Syria constitutional committee ‘will not be formed’ in 2018

UN envoy De Mistura says he regrets the outcome, admitting his efforts to establish a committee while in office failed.

UN Special Envoy of the Secretary-General for Syria Staffan de Mistura attends a meeting during the consultations on Syria, at the European headquarters of the United Nations in Geneva
De Mistura will hand over his job to Norwegian diplomat Geir Pedersen on January 7 after four years in office [Xu Jinquan/Reuters]

The outgoing United Nations envoy to Syria, Staffan de Mistura, acknowledged that a committee tasked with writing a new constitution for the war-torn country would not be in place by year end as was hoped.  

“We have nearly completed the work of putting in place a constitutional committee to draft a constitutional reform, as a contribution to the political process – but there is an extra mile to go,” De Mistura told the UN Security Council on Thursday.

“I deeply regret what has not been achieved, and I am sorry more was not possible,” he said in his final address to the UN body before stepping down.   

The UN Security Council should share in that regret too, he also said and added that “a renewed sense of common purpose and concerted action” is needed in the UN body if 2019 is to be “the real turning point” for Syria.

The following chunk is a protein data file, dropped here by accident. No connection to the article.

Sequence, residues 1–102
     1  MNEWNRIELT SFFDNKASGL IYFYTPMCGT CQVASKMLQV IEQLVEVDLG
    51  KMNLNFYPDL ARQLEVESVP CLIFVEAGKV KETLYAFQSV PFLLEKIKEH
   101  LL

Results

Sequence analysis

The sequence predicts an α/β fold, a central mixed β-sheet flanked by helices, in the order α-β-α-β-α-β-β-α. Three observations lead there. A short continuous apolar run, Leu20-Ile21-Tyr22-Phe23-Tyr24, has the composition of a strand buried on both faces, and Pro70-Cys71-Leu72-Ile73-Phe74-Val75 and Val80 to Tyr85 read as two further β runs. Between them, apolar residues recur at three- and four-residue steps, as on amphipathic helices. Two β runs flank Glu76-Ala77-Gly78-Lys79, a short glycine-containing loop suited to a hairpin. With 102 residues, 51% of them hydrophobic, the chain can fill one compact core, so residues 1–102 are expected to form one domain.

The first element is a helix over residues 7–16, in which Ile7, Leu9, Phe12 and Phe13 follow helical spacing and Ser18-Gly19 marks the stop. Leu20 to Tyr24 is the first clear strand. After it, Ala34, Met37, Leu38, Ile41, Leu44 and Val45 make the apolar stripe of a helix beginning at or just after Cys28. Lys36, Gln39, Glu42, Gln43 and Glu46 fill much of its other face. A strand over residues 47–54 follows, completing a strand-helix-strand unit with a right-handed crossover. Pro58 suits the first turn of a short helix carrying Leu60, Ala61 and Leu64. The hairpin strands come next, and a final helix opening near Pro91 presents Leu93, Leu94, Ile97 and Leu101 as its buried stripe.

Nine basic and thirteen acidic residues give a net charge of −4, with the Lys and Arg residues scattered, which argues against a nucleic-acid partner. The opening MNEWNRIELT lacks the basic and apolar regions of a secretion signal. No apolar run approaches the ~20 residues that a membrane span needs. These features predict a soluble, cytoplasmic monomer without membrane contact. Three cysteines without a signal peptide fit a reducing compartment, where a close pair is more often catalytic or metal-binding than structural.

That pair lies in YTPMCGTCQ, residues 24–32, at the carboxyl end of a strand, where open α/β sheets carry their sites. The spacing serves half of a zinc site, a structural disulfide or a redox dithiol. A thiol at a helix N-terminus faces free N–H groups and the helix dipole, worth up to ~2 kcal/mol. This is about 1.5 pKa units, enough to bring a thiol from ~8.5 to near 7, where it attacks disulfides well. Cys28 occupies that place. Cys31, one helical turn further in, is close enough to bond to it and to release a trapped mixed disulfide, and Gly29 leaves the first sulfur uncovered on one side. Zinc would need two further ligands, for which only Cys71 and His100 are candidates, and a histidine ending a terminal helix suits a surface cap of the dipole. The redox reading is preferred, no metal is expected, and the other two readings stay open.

The committee has become the centrepiece of UN peace efforts in Syria and aims to set up elections that can turn the page on seven years of devastating war. De Mistura will hand over his job to Norwegian diplomat Geir Pedersen on January 7.

No deal

On Tuesday, RussiaIran and Turkey, supporters of the main sides in Syria’s complex civil wartogether with UN representatives, failed to agree on the makeup of the committee but called for it to convene early next year to kick off a viable peace process.

According to the UN plan, the committee would have 150 members: 50 chosen by the regime of President Bashar al-Assad, 50 by the opposition and 50 by the UN, the latter group made up of technical experts and representatives of civil society.

However, Damascus blocked the composition of the third group, and recently suggested its own “17 name changes” to the list, according to a diplomat who asked not to be named. 


Although Damascus’ objection was backed by Russia, Iran and Turkey, the UN said the changes would alter the balance of the group and said it could only accept six of them.

“The United Nations, having examined the names, assessed that we would not feel comfortable yet giving the UN stamp of legitimacy to all 50 of them as meeting the necessary criteria of credibility and balance,” De Mistura said, calling some of those Syria had sought to exclude “natural bridge-builders.”

Russia and Iran, which support Assad’s regime, and Turkey, which backs the moderate opposition, have been in close cooperation through the so-called Astana talks that are aimed at finding a solution to the Syrian conflict.

Various so-called “de-escalation zones” were agreed among the three guarantor powers in Syria as a result of multiple rounds of talks between the three powers.

Source: Al Jazeera, News Agencies